Adolphe Sax

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Adolphe Sax
Alto saxophone by Adolphe Sax

Adolphe Sax , actually Antoine Joseph Sax , (born November 6, 1814 in Dinant , † February 7, 1894 in Paris ) was a Belgian inventor , instrument maker and musician; he was the developer of the sax horns and the saxophone .


Adolphe Sax was one of eleven children. The Sax family moved to Brussels in 1835 , where their father, Charles Joseph Sax, a cabinet maker, opened an instrument workshop. Adolphe attended the Brussels Conservatory , where he studied flute , clarinet , singing and harmony. His first independent job as an instrument maker in his father's workshop was perfecting the clarinet and bass clarinet (patent 1838).

Without funds (his father spent a lot of money on his experiments and was supported several times by the government) he went to Paris in 1842; The only recommendation he took with him was a copy of a completely new instrument he had developed, the (soprano) saxophone , and soon attracted the attention of various personalities in Parisian musical life ( Jacques Fromental Halévy , Daniel-François-Esprit Auber, etc.). In particular, he found an energetic helper in Hector Berlioz , whom sponsors soon joined.

Sax now built the saxophone in eight different sizes (sopranino, soprano, alto, tenor, baritone, bass, double bass, sub-double bass). He then transferred his experiences, especially those of his father with regard to the best resonance of the tubes, to the construction of the trumpets , horns , tubes etc. and gave these in their new form the names Saxtromba , Saxhorn , Saxtuba etc., which are known as the “family of the Saxhorns ”became known. He also built several Aida trumpets on behalf of Giuseppe Verdi .

On March 21, 1846, Sax received a patent in France and quickly achieved great fame; his instruments were particularly introduced in French military music . The originality of his improvements was often challenged by envious competitors, whom he overtook; but the judicial decisions were always in Sax's favor. His workshop with at times 100 employees is said to have built over 20,000 instruments. Adolphe Sax, on the other hand, was not granted permanent economic success: he had to file for bankruptcy several times and died impoverished.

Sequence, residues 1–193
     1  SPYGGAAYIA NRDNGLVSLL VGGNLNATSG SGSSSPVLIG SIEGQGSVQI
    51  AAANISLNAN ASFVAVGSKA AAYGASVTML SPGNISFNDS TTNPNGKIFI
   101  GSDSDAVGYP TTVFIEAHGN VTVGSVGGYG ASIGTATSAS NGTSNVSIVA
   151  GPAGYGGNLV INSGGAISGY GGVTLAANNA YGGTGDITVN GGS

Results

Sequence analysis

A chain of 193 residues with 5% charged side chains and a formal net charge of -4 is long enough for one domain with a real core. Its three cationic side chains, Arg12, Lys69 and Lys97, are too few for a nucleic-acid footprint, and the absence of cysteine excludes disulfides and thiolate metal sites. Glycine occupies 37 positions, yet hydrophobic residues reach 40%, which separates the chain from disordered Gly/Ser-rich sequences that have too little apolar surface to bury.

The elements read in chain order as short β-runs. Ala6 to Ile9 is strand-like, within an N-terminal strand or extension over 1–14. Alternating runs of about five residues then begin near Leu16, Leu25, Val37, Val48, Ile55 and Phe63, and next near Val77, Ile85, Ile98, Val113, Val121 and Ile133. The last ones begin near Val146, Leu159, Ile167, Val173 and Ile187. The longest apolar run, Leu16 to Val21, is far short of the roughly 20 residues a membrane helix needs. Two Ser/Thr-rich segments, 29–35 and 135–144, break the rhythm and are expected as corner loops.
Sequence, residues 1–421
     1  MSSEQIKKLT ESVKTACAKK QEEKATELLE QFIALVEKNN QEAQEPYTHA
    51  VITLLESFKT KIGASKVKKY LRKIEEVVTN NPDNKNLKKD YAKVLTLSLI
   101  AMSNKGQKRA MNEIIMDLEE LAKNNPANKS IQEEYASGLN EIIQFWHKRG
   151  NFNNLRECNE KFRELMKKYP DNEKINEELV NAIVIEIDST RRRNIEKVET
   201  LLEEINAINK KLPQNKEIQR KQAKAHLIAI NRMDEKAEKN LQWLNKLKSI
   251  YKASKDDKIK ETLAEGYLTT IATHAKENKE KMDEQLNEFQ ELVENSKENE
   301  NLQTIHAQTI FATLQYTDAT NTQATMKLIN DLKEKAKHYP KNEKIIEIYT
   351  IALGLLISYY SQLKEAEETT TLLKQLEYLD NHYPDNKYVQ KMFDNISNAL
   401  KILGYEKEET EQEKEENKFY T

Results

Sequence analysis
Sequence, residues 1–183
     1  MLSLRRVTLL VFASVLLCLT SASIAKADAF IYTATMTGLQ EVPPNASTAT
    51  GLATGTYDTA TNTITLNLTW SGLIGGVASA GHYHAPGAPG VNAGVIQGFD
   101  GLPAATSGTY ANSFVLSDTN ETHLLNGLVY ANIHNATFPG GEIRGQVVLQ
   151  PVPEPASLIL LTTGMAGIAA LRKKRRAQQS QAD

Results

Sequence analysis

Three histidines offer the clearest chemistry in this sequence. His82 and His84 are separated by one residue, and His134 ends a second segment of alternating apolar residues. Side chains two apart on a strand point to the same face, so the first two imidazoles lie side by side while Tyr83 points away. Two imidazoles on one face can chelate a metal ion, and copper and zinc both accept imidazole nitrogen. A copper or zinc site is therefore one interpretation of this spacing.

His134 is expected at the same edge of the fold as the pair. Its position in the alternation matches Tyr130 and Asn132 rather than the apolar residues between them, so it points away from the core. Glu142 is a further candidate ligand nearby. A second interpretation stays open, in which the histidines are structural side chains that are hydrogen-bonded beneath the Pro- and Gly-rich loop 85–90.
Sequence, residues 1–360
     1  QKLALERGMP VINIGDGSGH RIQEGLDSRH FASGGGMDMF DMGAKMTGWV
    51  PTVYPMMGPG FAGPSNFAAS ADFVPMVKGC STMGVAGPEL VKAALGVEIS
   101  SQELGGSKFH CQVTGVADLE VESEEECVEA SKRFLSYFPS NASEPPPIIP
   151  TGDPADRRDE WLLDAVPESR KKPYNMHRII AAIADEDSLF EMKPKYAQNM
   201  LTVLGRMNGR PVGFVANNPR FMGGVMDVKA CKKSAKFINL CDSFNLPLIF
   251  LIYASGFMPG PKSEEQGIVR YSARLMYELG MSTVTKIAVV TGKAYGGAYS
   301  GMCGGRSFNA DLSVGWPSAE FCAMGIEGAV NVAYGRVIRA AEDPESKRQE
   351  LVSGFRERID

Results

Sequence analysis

Sax became a saxophone teacher at the Paris Conservatory in 1857 (this position was discontinued in 1871 due to lack of funds and was refilled by Marcel Mule in 1942). He also published a school for playing the saxophone and the instruments he built. From 1858 Sax was director of the stage orchestra at the Paris Opera .

He was a knight in the Order of the Oak Crown .

Sax was accepted into the Masonic Lodge Les Vrais Amis de l'Union in 1842 . In recognition of his achievements, the asteroid (3534) Sax was named after him.

Reception in literature and theater

In 2005 the children's concert revue "The Adventures of Monsieur Sax" was created, jointly developed by Cologne actor Martin Heim and the Pindakaas Saxophone Quartet , directed by Thomas Philipzen. The piece tells the life story of Adolphe Sax and the invention of the saxophone family in a child-friendly manner. In 2007 the Westdeutsche Rundfunk Köln broadcast a radio play version of the piece live, and in 2008 the children's radio play CD "The Adventures of Monsieur Sax" was released. This received an honorable mention from the jury at the German Children's Radio Play Prize as part of the ARD Radio Play Days 2008.

Trademark rights Adolphe Sax & Cie

The Belgian Karel Goetghebeur bought the rights to the name “Adolphe Sax & Cie” and has been trying since 2012 to revive the lost brand.




  • The Devil's Horn - The dark side of the saxophone. (OT: The Devil's Horn - The History and the Curse of the Saxophone. ) Documentary, Canada, 2016, 81:08 min., Book: David Mortin, Michael Segell, David New, director: Larry Weinstein, production: arte , ZDF , German first broadcast: August 28, 2016 by arte, table of contents by ARD , u. a. with Jimmy Heath , Albert "Tootie" Heath , Yuri Yunakov, Giuseppi Logan , Colin Stetson , François Louis (saxophone reed maker ).

Web links

Commons : Adolphe Sax  - Collection of images, videos and audio files

Individual evidence

  1. Inventor Adolphe Sax - The saxophone brought him fame and resentment
  2. EUmagazin . Center for European Economic Research, 1994 (accessed on November 5, 2014).
  3. ^ Karl Ventzke, Claus Raumberger, Dietrich Hilkenbach: The saxophone . Verlag Das Musikinstrument, 1979, ISBN 978-3-920112-68-8 .
  4. CP Mulder en PA Christiaans, Onderscheidingen van de Koning-Groothertog, De Orde van de Eikenkroon 1841-1891, 1999, ISBN 90-804747-1-1
  5. de Het merk "Adolphe Sax" is terug , accessed on November 6, 2014
  7. Jutta Lambrecht (review): Dirk Josczok: Adolphe Sax. Audiobook. In: info-netz-musik , July 11, 2011, accessed on November 2, 2014.